They mimic legitimate apps so well you may not even have known the dangers! Is the store becoming a Pray Store?
A group of researchers have declared that some 10 million fraudulent apps (weeded out by now) have been downloaded from the Google Play Store for Android devices.
A large number of apps (164) were mimicking notable apps to garner downloads, only to then trick the user into seeing a whole bunch of unexpected ads.
These apps contain code capable of displaying out-of-context ads under the com.tdc.adservice package. The apps’ behavior is controlled by a command-and-control JSON hosted on Dropbox (Note: Dropbox is another victim, not a participant, in the research operation).
The URL of the JSON differs from app to app, but the structure is very similar, indicating the frequency of the ads and the Publisher ID to be used.
Flying under the radar
Named after a legitimate app called Assistive Touch, an app called Assistive Touch 2020 contained an open-source Evernote job scheduler embedded inside for use as a persistence mechanism.
A quick lookup for Evernote jobs led the researchers from the Satori Threat Intelligence and Research Team to the entry point of the out-of-context ads controller located inside the AdsJob class. Based on the configuration received from the server, the job displays either in-house ads or out-of-context interstitials.
According to the team consisting of Gabi Cirlig, Michael Gethers, Lisa Gansky and Adam Sell, the ads being displayed are retrieved dynamically from a JSON hosted in the cloud when the app is first launched, and then again at regular intervals. It is then stored inside the shared preferences of the app with the data being proxied through the AppConfig class.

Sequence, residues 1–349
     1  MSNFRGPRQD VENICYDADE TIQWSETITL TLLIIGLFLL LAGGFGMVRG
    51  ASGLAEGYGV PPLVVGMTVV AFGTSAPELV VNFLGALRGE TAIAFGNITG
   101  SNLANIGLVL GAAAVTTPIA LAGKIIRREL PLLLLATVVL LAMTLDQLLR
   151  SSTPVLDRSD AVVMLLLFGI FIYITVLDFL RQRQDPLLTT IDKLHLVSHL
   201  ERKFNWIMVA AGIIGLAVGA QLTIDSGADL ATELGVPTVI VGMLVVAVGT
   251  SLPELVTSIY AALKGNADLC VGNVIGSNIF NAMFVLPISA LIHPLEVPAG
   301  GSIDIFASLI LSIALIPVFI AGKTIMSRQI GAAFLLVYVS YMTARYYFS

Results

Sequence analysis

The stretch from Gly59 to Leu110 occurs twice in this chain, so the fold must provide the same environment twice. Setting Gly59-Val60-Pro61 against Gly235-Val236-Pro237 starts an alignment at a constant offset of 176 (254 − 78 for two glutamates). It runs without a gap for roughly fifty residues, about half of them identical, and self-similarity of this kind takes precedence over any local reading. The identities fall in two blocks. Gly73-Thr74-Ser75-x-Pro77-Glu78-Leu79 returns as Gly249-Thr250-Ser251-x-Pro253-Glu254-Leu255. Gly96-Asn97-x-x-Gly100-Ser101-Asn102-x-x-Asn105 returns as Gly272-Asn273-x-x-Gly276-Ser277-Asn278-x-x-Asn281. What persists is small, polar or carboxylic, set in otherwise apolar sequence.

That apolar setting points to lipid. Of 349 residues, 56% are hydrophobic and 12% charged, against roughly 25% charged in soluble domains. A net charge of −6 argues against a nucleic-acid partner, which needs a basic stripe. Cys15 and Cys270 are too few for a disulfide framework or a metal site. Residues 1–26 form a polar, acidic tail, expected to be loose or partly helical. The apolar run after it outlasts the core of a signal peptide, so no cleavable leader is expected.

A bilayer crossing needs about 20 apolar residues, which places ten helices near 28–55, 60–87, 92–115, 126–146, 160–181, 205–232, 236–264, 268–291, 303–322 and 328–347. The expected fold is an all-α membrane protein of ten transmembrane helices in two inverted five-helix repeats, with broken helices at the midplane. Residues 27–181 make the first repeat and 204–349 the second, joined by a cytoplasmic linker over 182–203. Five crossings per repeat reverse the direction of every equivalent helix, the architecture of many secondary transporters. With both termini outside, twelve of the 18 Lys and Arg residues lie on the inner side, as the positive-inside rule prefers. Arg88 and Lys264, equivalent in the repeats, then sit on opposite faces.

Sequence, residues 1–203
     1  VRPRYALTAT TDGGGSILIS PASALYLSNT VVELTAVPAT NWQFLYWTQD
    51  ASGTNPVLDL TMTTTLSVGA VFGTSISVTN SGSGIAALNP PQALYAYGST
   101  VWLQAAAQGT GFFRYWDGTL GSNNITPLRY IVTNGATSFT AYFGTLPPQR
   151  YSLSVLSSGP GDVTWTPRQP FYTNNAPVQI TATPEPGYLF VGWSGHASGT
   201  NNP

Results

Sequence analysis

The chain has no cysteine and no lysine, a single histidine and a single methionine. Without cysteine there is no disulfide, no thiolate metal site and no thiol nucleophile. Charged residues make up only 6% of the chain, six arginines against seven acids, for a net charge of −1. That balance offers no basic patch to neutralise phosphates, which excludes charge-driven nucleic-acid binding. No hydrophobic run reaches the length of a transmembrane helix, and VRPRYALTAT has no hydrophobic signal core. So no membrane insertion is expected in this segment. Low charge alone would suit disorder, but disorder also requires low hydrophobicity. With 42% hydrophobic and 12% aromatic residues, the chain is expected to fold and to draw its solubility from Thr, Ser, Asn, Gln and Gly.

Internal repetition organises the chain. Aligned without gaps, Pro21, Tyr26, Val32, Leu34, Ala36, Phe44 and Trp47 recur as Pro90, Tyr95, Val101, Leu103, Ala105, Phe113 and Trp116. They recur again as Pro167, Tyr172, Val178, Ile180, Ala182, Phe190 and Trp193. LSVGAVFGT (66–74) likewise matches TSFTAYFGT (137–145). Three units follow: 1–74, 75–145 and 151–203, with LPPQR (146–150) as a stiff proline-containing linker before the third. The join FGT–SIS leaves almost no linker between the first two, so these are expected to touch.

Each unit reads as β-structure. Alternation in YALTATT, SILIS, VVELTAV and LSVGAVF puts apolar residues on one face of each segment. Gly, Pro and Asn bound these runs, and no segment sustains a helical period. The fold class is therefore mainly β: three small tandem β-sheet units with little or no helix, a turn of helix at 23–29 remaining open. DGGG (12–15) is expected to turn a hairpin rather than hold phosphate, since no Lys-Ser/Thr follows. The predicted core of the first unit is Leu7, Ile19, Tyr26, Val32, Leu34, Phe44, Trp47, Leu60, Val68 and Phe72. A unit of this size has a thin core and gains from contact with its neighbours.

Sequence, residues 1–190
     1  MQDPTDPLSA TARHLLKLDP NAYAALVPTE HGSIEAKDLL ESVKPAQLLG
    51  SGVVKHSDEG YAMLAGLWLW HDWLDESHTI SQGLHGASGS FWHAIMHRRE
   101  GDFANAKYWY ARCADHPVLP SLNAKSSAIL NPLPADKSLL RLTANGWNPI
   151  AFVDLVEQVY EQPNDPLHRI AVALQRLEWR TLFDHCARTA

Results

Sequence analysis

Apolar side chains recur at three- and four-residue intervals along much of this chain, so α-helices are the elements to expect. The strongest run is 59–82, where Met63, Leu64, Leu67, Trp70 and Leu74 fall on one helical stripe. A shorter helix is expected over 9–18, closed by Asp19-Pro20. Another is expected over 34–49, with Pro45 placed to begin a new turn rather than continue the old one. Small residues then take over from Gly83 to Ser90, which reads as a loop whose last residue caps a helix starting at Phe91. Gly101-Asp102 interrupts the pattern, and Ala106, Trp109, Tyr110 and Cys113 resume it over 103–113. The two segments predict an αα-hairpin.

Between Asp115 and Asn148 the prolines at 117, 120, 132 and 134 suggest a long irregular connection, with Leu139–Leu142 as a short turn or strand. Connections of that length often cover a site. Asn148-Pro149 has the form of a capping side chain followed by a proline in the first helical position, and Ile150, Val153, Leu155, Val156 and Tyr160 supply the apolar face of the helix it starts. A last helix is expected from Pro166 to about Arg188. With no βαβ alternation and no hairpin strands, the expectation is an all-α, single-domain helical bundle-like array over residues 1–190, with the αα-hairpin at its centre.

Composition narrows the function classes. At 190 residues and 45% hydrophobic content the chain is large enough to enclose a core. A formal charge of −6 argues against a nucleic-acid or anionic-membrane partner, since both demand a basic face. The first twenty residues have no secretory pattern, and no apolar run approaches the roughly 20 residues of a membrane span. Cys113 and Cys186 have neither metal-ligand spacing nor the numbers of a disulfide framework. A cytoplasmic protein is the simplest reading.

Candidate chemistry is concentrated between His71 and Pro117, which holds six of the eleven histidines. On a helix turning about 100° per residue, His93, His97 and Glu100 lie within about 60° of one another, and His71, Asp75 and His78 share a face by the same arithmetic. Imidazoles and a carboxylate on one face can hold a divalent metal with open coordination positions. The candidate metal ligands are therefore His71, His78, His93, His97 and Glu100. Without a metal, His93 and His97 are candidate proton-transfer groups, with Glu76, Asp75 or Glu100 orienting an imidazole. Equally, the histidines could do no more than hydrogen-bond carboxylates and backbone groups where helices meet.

By leveraging legitimate tools used by developers to establish persistence and instantiation of the out-of-context ads, the authors of the SDK managed to fly under the radar for at least two years.
Once the app is installed, it reaches out to the command-and-control server, which controls how often the ads are displayed, whether ads to in-house products are displayed; and the platform from which the interstitial should be retrieved.
After a grace period of several hours (depending on the command-and-control server’s configuration), out-of-context interstitials start appearing on the device.
The out-of-context interstitial excludes itself from the list of recent apps, and as soon as the user navigates away from it, it disappears.
Watch what you download
The Satori Team recommends blocking any apps that call ads from activities inside the package com.tdc.adservice.*. Even though platforms could choose to allow legitimate traffic from these apps by blocking only the out-of-context ads, the Satori Team recommends using the heavier-handed approach of blocking all the apps, since they were likely created very specifically to take advantage of the digital ecosystem.
When downloading any app, make sure that you are getting the real, official version. Look at the reviews: not just the glowing five-star reviews, but also the one- and two-star reviews. Those are the ones that will call out ads that do not belong, and will alert you if something is amiss.